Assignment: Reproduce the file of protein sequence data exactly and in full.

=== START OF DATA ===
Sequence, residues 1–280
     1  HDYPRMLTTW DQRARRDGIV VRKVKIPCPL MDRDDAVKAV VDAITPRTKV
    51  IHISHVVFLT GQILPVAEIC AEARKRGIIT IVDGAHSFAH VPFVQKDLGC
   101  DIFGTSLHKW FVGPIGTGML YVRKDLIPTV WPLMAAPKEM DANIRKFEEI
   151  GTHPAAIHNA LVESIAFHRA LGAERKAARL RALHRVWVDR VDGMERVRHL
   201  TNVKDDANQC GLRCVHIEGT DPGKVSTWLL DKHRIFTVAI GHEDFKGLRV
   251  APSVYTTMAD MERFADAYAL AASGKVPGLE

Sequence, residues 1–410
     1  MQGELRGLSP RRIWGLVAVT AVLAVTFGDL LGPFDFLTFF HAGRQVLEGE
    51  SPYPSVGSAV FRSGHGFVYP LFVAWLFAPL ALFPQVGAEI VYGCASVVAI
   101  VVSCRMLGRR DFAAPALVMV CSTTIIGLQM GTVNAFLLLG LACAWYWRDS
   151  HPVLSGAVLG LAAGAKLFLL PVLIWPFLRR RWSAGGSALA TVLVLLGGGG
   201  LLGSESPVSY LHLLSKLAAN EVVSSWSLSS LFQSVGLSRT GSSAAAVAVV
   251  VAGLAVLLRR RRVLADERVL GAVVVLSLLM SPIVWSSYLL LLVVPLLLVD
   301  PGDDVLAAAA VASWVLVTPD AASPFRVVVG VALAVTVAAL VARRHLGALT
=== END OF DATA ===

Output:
Sequence, residues 1–280
     1  HDYPRMLTTW DQRARRDGIV VRKVKIPCPL MDRDDAVKAV VDAITPRTKV
    51  IHISHVVFLT GQILPVAEIC AEARKRGIIT IVDGAHSFAH VPFVQKDLGC
   101  DIFGTSLHKW FVGPIGTGML YVRKDLIPTV WPLMAAPKEM DANIRKFEEI
   151  GTHPAAIHNA LVESIAFHRA LGAERKAARL RALHRVWVDR VDGMERVRHL
   201  TNVKDDANQC GLRCVHIEGT DPGKVSTWLL DKHRIFTVAI GHEDFKGLRV
   251  APSVYTTMAD MERFADAYAL AASGKVPGLE

Sequence, residues 1–410
     1  MQGELRGLSP RRIWGLVAVT AVLAVTFGDL LGPFDFLTFF HAGRQVLEGE
    51  SPYPSVGSAV FRSGHGFVYP LFVAWLFAPL ALFPQVGAEI VYGCASVVAI
   101  VVSCRMLGRR DFAAPALVMV CSTTIIGLQM GTVNAFLLLG LACAWYWRDS
   151  HPVLSGAVLG LAAGAKLFLL PVLIWPFLRR RWSAGGSALA TVLVLLGGGG
   201  LLGSESPVSY LHLLSKLAAN EVVSSWSLSS LFQSVGLSRT GSSAAAVAVV
   251  VAGLAVLLRR RRVLADERVL GAVVVLSLLM SPIVWSSYLL LLVVPLLLVD
   301  PGDDVLAAAA VASWVLVTPD AASPFRVVVG VALAVTVAAL VARRHLGALT